Nonprofit Cancer Funding Shows Signs of Inequality
(Bloomberg) -- Many things in life are a popularity contest, even charitable giving. The revenue that nonprofit cancer-fighting organizations receive is not proportionate with the burden those individual cancers place on society, according to a new study.
Breast cancer, leukemia, lymphoma and pediatric cancer nonprofits were well-funded, considering the number of patients suffering from the cancer, the mortality rate of the cancer and the average number of years cut off a patient’s life, according to a new study by Northwestern University. Brain, lung, gastrointestinal and gynecologic cancers were poorly funded in all three metrics.
“There are a lot of diseases that really don’t get the support that they need,” said Dr. Suneel Kamath, the study’s lead author. “This will have a major negative impact on patients.” The lack of funding impairs research and drug development, he said.
While the researchers found that $6 billion flowed into cancer groups during the period studied, the study focused on the $1.4 billion that was sent to groups linked with specific types of cancer, such as Susan G. Komen, which focuses on breast cancer. That left out the likes of the American Cancer Society and the Patient Access Network Foundation, because they don’t break out how much they spend on specific types of cancer.
Social stigmas play a large role in the funding discrepancies, the study found. Breast cancer, for instance, has widespread public support and high-profile fundraising efforts. The disease, which killed 41,070 Americans in 2017, received more than $460 million in specific nonprofit revenue, according to tax records from 2015. Lung cancer, which is often associated with smoking, was responsible for almost four times as many U.S. deaths, but received just 20% in revenue during the same time periods.
“Any time lung cancer comes up, smoking is always the first thing people think about, and it’s kind of an implicit blame in a way,” Kamath said.
It sometimes takes money for a nonprofit to make money. The study found that increased spending on fundraising, administrative costs and patient education was highly correlated with increased revenue. Public awareness, advertising and political influences were also found to skew certain cancers over others.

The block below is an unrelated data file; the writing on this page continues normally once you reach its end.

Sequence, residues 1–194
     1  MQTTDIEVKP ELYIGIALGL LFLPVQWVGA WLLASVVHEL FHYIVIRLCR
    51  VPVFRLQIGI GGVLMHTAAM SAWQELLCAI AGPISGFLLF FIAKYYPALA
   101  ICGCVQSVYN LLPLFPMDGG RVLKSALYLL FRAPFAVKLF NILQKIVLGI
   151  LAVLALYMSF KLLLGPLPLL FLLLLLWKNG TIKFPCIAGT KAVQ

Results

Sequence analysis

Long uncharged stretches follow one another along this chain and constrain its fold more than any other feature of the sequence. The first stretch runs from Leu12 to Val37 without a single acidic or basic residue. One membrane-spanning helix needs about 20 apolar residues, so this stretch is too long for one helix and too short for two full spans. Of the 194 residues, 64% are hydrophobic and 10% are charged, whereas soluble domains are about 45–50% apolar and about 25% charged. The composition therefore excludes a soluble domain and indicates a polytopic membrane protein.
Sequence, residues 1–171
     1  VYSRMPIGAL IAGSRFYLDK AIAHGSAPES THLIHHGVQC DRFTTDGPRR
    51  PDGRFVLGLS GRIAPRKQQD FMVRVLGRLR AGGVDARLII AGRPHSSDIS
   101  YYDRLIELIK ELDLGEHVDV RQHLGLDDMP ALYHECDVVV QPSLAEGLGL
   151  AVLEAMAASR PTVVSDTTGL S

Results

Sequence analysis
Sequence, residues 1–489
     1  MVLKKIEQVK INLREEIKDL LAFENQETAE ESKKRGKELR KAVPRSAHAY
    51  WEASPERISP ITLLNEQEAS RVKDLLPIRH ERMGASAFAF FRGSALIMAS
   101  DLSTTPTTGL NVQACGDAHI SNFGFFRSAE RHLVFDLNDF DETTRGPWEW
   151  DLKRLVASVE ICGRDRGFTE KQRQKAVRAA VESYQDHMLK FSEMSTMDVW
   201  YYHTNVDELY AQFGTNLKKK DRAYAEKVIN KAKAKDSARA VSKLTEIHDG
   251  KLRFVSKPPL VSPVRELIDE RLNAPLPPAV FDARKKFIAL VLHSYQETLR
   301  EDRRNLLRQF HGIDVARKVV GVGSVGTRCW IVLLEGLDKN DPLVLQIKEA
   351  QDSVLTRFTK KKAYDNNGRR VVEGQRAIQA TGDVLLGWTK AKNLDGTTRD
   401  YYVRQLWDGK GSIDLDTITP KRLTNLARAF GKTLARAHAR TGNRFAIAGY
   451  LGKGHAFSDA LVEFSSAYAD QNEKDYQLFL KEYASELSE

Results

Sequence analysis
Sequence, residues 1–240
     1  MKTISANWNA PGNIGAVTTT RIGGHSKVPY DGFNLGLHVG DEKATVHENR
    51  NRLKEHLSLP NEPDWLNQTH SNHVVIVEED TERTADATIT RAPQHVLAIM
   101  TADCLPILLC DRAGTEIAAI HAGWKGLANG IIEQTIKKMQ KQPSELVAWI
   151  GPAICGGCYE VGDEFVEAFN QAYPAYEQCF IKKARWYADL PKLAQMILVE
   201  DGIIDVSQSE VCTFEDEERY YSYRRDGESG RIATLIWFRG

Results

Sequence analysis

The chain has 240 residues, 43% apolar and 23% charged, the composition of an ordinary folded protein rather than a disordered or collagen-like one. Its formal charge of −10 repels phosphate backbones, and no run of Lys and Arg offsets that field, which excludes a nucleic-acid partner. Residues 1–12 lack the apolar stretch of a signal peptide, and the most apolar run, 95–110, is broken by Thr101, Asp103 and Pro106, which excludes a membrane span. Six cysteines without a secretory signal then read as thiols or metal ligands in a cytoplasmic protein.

“Breast cancer has a substantial group of people who are committed to it because of personal experience in their own lives,” said Len Lichtenfeld, MD, Interim Chief Medical Scientific Officer for the American Cancer Society. “Some of the cancers are much more rare and just don’t have as large a cadre of people who are involved.”
Individual donors tend to be unaware as to which medical causes are well-supported and which aren’t, but if made aware of discrepancies the public can attempt to compensate for the differences, Kamath found. “If people are unaware of something, it’s like the problem doesn’t even exist,” he said.
Sacroma, endometrial cancer, cervical cancer, myelodysplastic syndrome and liver and bile cancers brought in the least revenue, all receiving under $6 million.
The study used IRS tax records to identify nonprofits that support any type of cancer research and had at least $5 million in revenue in 2015. Researchers found 119 organizations that had amassed a total of $6 billion, of which $4.6 billion went to general cancer charities. The burden on society by cancer type was calculated using data from the Surveillance, Epidemiology and End Results Program Database.
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